SPRINGFIELD, Mo. (KY3) – Like many businesses, Meta Games Unlimited had to close its doors for weeks in the early months of the COVID-19 pandemic.
“We were all very scared about what was going to happen,” said manager Jeremy Bates.
However, Bates said things turned out better than expected. “After we got back there, everyone was really bored and wanted to play games, and they were here buying things like crazy.”
He explained that board games have improved.
“There’s a big thing with Kickstarter right now, like crowdfunding pages, and a lot of companies are using it to fund new board games.”
Due to the funding of new board games, a great deal has been introduced to the genre. But there are always fan favorites that are in demand every year.
“One year was probably a deck building game, and last year it was a roll and write game, it’s all just a different mechanism from the way you play the game.”
Not only did it introduce more games, but Bates said it brought more people to the shop and even more to the hobby.
“The nerdy or nerdy culture is now a little more socially acceptable than it was before. So, we must have had an increase in the number of people who might not have been our target demographic ten years ago. “
He stressed that interest in board games was always increasing, but the pandemic was playing a role too. “The pandemic has given him a little extra boost, and now has extra zing behind it.”
With an increasing number of people turning to the board game trend, there are several challenges, one of which is the availability of existing board games. Bates says fans have seen first-hand that many out-of-stock games take a little time to get back on the shelves.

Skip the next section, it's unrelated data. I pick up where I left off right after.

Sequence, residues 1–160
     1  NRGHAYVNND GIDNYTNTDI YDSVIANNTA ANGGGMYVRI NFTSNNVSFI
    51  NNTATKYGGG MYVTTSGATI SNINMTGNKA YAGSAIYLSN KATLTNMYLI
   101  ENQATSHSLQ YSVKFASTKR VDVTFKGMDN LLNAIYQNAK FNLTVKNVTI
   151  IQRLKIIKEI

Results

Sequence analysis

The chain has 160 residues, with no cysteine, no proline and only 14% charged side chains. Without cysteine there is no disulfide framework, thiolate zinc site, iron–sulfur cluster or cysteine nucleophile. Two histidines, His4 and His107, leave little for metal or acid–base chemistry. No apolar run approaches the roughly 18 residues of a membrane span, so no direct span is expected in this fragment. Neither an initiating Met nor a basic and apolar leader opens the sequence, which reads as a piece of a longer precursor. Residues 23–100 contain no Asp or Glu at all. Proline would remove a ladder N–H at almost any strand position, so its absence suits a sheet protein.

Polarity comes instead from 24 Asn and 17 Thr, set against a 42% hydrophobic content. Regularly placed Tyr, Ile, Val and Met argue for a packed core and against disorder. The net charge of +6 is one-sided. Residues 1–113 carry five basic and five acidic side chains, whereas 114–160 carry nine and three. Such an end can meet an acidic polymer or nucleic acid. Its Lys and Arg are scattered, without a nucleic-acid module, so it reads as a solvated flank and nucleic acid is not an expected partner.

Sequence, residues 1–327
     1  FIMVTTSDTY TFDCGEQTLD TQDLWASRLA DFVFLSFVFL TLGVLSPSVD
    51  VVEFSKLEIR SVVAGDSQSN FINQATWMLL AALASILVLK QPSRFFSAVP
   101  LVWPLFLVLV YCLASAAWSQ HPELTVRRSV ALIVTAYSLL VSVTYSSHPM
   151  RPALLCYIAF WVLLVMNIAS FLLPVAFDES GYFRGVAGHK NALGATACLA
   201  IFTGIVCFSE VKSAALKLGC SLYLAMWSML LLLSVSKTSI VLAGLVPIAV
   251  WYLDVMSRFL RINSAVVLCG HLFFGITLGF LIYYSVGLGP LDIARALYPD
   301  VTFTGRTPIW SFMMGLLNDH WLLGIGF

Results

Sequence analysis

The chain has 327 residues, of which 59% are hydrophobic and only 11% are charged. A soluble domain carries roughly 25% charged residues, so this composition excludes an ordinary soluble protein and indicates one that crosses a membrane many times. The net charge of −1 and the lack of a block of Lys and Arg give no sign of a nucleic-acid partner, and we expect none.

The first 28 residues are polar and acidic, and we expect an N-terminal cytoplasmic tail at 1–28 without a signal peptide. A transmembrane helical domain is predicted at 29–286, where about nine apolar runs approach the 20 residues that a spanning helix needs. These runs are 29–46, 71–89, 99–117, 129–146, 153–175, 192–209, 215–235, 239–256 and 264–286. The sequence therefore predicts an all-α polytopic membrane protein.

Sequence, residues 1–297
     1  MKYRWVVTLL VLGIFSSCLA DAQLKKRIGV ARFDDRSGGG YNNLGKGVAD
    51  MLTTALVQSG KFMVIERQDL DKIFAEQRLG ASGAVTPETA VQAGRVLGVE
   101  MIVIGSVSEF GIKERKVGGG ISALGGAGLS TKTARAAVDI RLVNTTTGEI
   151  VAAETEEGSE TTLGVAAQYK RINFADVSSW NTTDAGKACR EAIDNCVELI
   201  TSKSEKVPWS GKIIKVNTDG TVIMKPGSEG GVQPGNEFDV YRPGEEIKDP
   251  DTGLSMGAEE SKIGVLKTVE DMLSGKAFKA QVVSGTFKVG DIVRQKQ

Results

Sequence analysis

Another challenge for the board game community is that many of these are group-related activities, and because of the pandemic, larger gatherings have been limited. Bates explained that Meta Games Unlimited has an open game area with a special table for wargaming. He said space usually brings together many players from all over the country. But now, the big parties and game groups they saw had reduced significantly.
“Now they have a small group of friends that they might meet in their own homes or elsewhere to play, and getting those guys back to the shop might be a bit of a challenge. So I don’t expect us to have the crazy hefty numbers of our events we are used to. It might increase a little slower. “
Despite the odds during the pandemic, Bates believes the board games industry will continue to thrive.
“They always introduce new things. But I mean, It’s growing at a fantastic pace, and everyone is having fun, and so are we. “
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